Stillbirth – The facts
When fetal death occurs after the 20th week of pregnancy, it is referred to as a stillbirth. One out of every two hundred pregnancies in the United States ends in stillbirth each year.1 A majority of these occur without significant time to prepare. Parents often enter the doctor’s office expecting to hear news of their baby’s development and instead, must face the heartbreaking pronouncement of stillbirth and the grief that follows.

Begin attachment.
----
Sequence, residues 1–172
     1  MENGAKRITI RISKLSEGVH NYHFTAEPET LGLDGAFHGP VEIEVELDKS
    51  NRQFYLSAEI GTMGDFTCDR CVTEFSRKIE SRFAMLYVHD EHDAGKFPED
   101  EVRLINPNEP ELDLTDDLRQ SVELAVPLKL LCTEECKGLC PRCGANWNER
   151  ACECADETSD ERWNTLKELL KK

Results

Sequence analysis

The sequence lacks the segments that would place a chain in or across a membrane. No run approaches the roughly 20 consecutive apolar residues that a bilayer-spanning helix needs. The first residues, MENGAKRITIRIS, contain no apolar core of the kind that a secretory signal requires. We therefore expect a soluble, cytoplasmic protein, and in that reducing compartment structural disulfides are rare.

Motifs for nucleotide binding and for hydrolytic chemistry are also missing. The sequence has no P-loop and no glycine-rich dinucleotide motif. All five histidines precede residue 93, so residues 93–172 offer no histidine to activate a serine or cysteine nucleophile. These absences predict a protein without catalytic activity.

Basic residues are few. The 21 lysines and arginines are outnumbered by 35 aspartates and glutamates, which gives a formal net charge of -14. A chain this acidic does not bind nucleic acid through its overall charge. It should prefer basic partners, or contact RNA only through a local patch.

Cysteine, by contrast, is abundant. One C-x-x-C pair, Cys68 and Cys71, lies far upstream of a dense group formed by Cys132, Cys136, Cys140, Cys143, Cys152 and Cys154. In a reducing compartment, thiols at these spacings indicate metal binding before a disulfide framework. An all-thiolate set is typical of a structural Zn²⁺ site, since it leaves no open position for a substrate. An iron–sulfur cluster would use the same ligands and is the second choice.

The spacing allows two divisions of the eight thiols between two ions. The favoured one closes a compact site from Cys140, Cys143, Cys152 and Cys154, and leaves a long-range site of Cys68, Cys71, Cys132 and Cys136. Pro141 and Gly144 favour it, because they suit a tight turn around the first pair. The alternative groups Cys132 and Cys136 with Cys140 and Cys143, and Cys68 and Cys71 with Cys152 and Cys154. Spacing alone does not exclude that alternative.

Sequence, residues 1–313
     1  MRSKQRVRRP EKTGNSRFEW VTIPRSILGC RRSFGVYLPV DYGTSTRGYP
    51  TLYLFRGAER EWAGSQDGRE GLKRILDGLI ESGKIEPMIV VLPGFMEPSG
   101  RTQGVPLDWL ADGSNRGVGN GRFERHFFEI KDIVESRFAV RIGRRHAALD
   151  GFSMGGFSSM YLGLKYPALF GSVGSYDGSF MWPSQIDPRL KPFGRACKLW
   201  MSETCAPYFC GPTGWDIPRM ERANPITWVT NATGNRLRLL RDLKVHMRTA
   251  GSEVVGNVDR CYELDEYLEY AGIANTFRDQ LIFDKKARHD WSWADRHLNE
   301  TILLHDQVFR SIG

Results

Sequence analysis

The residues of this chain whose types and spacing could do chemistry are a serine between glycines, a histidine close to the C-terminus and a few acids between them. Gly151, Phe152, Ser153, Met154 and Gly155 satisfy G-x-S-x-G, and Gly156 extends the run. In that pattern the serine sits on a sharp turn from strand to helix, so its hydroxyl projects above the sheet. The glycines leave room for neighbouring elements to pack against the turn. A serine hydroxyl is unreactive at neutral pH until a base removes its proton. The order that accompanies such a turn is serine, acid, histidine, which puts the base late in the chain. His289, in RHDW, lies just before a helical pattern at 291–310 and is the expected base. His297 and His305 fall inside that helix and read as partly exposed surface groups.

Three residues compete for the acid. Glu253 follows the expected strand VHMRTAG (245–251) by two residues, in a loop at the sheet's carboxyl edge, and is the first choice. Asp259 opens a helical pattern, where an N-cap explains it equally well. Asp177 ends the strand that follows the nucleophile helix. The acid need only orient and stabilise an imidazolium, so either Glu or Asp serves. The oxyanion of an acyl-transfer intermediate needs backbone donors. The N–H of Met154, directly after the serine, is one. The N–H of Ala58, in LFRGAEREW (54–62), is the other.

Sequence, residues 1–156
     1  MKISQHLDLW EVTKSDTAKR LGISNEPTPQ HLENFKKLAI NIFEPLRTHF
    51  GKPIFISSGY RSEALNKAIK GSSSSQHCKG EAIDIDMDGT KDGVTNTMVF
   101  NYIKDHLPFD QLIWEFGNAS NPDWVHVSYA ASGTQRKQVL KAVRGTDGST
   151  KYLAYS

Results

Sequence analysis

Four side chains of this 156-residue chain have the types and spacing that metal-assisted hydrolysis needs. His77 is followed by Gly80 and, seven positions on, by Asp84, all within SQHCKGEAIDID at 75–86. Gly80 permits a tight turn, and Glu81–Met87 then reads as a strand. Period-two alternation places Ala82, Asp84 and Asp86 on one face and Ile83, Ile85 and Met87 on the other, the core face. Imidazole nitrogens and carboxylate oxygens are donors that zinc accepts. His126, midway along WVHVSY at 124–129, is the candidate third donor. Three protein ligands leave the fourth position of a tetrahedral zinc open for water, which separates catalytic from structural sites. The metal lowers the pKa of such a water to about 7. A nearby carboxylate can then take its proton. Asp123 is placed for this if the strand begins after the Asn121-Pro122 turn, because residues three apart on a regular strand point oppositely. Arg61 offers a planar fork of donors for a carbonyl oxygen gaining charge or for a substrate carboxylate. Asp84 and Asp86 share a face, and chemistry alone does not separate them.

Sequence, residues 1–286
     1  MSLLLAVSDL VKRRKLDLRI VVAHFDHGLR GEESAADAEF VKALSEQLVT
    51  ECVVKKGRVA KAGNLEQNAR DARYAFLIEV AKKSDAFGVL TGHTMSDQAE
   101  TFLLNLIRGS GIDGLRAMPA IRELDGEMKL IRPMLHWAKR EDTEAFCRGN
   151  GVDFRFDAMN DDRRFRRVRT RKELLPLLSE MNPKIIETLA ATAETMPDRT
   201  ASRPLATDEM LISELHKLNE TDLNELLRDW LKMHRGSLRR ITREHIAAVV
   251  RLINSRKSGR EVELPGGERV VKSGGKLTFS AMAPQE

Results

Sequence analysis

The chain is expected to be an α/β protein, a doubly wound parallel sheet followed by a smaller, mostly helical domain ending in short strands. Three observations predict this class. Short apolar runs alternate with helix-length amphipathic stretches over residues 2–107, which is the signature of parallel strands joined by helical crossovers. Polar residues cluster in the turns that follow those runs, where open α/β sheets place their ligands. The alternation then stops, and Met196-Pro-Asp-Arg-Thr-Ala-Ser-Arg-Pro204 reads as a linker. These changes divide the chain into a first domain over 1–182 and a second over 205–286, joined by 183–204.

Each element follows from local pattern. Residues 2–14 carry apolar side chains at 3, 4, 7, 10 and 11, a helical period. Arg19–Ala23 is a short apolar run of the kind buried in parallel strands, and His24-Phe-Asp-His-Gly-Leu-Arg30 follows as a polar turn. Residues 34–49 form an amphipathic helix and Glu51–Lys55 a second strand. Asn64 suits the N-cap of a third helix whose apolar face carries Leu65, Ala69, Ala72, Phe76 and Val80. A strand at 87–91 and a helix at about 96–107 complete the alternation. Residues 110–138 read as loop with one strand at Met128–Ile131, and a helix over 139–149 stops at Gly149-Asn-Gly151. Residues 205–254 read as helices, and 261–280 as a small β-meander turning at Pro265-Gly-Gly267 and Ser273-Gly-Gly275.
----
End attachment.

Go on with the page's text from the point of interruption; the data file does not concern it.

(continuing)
Even the right to grieve is sometimes withheld by a society that implies a fetus is not yet a baby, that a mother’s womb is not carrying a precious life. While mothers who miscarry are often not extended the grief support necessary, they are at least able to openly grieve the loss of the dreamand the end of a pregnancy that would have culminated in the live birth of a long-awaited baby. Moms and dads who lose full-term infants have the grief support of a community that recognizes and legitimizes the loss of a child. But, when a fetus dies in-utero, even the medical community can minimize the immense grief that accompanies such a loss, by failing to define the loss, as that of a baby.